It was a dark and stormy night.
Well, it had to happen occasionally.
Father Brennan looked out of his window and smiled. It was June – that obstreperous month which English people, in denial of all prior experience, always expected to be dry and calm. And which usually contrived to be anything but.
In fairness, the morning had been sunny and blue-skied, with that cool, hopeful ambiance that so often followed sunrise. The priest, who had been paying attention to the weather forecast, had ridden to the reservoir. There, he had extracted his tartan blanket from his bicycle’s basket, along with a large thermos flask of tea, and settled down to a morning of enthusiastic prayer.
It had been rather lovely. He’d even had time to enjoy a slice of lemon drizzle cake.
By midday, clouds had begun to dim the sky. Not rain, not yet, but the air had lost its earlier clarity and become heavy and muggy. Clouds of tiny, black insects appeared as if from nowhere and were clustering around his head, leaving him with the uncomfortable fear that he might be unwillingly inhaling their tiny bodies.
Father Brennan packed up his things and made for home.
This time of year, of course, the days were long and the nights short, but the storm clouds had darkened the sky early and ensured there was neither moon or starlight. By eleven pm, it was black as velvet across the land at the back of the rectory. There weren’t even streetlights, here. Not that those would bother them.
They had been a nuisance, lately. Father Brennan wasn’t sure if his little experiment would work, but if it didn’t, well, it had only cost him a morning by the reservoir. Hardly a high price to pay.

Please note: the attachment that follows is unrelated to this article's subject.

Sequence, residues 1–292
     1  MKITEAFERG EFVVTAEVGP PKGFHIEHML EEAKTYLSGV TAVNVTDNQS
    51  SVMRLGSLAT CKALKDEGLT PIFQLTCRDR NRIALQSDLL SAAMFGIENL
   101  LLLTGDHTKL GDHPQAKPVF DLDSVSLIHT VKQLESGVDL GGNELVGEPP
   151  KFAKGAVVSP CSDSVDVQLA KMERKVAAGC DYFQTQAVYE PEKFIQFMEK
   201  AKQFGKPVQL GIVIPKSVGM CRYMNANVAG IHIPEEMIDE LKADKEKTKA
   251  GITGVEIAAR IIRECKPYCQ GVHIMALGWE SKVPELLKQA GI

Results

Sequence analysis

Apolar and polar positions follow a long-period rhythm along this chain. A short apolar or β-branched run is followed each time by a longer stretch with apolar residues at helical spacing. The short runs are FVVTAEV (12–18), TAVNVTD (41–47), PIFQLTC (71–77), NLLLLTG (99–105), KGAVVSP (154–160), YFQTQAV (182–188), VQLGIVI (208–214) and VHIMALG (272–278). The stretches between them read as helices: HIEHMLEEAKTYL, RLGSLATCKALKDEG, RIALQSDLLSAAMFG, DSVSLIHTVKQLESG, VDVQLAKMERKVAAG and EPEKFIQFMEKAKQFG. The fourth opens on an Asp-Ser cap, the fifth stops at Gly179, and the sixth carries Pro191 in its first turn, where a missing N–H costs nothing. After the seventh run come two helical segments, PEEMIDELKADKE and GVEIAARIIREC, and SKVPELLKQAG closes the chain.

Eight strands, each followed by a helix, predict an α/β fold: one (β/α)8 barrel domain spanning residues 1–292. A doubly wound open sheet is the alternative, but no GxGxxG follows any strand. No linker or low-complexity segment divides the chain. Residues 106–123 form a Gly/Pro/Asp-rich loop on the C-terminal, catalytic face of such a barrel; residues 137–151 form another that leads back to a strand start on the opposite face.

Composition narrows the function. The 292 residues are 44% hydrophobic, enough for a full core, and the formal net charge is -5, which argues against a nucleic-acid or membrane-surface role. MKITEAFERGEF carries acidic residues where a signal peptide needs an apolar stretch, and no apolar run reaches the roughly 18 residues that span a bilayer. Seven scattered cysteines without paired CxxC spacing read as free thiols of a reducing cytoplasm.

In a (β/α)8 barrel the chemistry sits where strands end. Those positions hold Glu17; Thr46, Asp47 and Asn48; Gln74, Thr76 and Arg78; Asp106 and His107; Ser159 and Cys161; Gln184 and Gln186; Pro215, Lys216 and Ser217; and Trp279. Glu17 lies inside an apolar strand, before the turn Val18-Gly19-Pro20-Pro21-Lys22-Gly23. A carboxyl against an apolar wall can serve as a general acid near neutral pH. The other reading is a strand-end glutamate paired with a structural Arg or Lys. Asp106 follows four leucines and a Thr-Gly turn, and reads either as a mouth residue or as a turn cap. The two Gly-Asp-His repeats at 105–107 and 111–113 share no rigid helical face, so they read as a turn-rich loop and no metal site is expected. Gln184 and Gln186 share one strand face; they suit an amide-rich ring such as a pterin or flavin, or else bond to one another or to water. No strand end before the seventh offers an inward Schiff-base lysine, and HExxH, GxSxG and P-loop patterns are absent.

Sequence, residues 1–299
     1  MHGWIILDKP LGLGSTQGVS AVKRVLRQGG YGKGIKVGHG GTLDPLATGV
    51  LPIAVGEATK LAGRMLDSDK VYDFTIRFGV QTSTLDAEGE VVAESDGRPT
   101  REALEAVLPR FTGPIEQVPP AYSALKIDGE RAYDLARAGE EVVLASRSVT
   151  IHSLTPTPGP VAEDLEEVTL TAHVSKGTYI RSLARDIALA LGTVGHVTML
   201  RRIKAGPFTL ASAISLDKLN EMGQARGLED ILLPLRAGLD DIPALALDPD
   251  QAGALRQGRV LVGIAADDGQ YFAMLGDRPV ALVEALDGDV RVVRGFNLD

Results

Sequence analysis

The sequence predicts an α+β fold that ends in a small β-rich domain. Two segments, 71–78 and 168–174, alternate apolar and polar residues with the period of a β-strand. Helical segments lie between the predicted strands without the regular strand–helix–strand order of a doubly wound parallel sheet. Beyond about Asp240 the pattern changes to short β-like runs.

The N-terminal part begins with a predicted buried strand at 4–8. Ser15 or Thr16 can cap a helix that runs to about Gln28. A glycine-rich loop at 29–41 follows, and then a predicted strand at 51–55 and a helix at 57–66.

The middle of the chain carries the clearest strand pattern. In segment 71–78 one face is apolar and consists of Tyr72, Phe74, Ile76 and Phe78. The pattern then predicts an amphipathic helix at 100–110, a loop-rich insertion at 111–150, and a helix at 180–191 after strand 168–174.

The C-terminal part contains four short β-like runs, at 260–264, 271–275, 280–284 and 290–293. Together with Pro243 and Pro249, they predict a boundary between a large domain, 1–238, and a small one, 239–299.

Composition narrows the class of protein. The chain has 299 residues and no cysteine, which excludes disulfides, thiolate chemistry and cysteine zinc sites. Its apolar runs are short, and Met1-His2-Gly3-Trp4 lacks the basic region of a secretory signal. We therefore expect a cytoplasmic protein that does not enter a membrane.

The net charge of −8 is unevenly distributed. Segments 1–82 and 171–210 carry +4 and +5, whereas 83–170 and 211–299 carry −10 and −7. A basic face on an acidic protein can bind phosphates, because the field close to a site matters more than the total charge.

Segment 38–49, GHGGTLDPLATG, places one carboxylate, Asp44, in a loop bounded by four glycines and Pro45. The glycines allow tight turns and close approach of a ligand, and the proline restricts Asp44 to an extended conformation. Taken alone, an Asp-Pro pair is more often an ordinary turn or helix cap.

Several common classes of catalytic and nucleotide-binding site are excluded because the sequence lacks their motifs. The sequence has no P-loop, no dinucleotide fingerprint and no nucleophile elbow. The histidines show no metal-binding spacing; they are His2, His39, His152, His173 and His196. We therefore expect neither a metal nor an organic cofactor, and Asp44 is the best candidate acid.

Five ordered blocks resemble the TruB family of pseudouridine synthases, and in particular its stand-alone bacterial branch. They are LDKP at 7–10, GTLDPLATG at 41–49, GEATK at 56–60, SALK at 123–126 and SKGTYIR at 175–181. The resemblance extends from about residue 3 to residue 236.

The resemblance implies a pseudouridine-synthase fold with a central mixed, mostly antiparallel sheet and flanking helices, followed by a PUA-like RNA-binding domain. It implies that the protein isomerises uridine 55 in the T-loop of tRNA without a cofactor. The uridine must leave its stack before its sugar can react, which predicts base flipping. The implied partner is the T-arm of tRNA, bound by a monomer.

He pulled a chair over to the window and touched the heavy, silver crucifix he wore around his neck. At that moment, the sky flashed. Not a filmic fork of lightning, rather a simple second of brightness, followed two beats later by a thick rumble that hit deep in his gut.
Heavy drops of rain began to splatter against the windows. The priest sat down in the chair and sipped from his cup of tea. The vampires tended to pass this way on their way out of the crypt. Not every night, but these conditions would, he thought, appeal to their sense of drama.
In the past they’d had a sort of agreement. An armistice, you might say. He didn’t bother them, and they didn’t bother the town. They didn’t really need human blood. They didn’t need much of anything, actually. They were, at the end of it all, immortal.
Some of the younger ones had been getting ideas lately, though, and things had become… messy. A strong message needed to be sent.
Lightning flashed again, and this time he saw, just for a second, figures in the darkness. Not moving with their usual lithe, unnatural grace, but rather hunched, contorted – as though in pain. And it was hard to be entirely certain, but… was that steam?
Father Brennan sipped his tea and sat back. Well, well. He really hadn’t been sure. If water evaporates in one place, is the same water likely to fall as rain nearby? And then there were really quite considerable dilution factors to consider. Astonishing, really.
He hummed to himself. It was truly a dark and stormy night, and there was a great deal of very blessed rain.
It’s the last day of May as I write this, and flaming June looms ahead. Maybe it will not be quite so obstreperous this year. But if it is, perhaps it will at least take out a few vampires as it passes through.